The great river Danube was reached and crossed from north to south. Beyond the river the line of march once more became westward. The weary troops reached a point where there was a small POW camp, which was full of Jewish captives. These helpless people were being butchered by their Nazi guards. Thin, frail, emaciated captives, with the word "Jude" stitched to their worn-out uniforms, were being herded by the guards to the road and shot. As every man fell, his body toppled into the road-ditch.

At this late hour of the war, with world opinion already against the, the Nazis were still ruthlessly murdering their Jewish victims. The march ended late one afternoon in a forested area on the banks of the Ins River. Nearby was the town of Brenneau, where Adolph Hitler had been born. It was very cold in the forest that night. Guards and prisoners alike passed the night in misery while wild rumors excited both fear and hope. On the third day in the forest near Brenneau, there was a sudden appearance of three American jeeps. This was part of General Patton's swiftly advancing army. The German guards made no attempt to resist; they began bringing their weapons and piling them against a tree. Then an officer stood up in one of the jeeps: "Men," he said, "You are no longer prisoners of war. You are once more soldiers of the United States of American." After months and years of almost unbearable suffering that had taken may lives, Stalag 17_B, the world's largest prisoner of war camp, had become part of history.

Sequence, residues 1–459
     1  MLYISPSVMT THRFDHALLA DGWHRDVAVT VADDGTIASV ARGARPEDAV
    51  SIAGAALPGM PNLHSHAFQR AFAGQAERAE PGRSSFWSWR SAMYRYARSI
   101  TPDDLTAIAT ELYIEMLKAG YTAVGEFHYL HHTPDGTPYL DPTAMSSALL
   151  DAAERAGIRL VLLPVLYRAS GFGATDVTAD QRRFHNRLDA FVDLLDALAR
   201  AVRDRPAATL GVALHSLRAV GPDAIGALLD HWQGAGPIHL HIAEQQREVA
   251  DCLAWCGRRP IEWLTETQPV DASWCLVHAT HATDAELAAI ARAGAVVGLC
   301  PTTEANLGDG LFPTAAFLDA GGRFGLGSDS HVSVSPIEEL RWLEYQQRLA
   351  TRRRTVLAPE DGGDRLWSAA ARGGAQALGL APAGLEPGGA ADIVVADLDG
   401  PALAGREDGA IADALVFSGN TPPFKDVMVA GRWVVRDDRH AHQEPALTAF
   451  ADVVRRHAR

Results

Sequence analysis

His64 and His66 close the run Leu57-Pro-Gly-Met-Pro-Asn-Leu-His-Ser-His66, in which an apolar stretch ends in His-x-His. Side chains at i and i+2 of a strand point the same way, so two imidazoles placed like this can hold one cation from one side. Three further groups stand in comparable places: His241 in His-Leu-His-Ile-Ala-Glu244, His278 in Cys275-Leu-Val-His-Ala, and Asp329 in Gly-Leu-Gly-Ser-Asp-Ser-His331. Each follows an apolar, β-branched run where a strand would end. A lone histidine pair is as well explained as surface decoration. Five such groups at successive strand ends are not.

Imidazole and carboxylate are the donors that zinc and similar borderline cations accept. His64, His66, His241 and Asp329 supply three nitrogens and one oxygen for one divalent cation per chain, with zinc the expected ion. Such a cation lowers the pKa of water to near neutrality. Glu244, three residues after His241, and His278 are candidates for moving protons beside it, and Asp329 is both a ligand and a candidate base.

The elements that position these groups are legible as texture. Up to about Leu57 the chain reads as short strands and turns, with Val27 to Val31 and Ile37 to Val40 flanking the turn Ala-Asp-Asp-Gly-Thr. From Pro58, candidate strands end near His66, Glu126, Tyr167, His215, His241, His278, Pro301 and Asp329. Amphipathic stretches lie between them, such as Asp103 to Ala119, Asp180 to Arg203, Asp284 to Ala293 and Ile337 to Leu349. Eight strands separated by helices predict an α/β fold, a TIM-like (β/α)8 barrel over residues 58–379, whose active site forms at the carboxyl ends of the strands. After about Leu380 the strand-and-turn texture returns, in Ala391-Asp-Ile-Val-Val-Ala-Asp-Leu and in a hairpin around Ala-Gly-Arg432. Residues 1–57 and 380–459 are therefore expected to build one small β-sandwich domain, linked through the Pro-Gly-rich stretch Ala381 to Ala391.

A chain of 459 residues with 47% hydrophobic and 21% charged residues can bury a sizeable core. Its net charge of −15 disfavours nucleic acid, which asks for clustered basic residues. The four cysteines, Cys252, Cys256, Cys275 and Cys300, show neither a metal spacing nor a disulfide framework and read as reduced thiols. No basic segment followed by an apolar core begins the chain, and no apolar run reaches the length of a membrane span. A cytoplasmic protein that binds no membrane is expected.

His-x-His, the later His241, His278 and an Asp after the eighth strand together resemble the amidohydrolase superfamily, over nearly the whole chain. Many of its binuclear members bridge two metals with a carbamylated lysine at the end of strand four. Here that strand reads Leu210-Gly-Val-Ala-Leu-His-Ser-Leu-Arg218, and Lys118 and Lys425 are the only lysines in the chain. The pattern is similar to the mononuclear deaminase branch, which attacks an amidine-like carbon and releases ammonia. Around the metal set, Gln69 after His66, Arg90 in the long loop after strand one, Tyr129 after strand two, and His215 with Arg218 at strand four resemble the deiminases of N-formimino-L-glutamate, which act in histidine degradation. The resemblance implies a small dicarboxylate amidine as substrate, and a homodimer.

Arthmur Thomasson of Newberry, S.C. had such dreadful memories of his experiences in this notorious prisoner of war camp that he would never willingly speak of it. Only once. while enduring severe pain following radical heart surgery, did his gallant veteran tell the tragic story of Stalag 17-B.

This account of that terrible story is a tribute to the memory of a brave soldier who served his country well when an entire world seemed to be aflame, more than fifty years ago.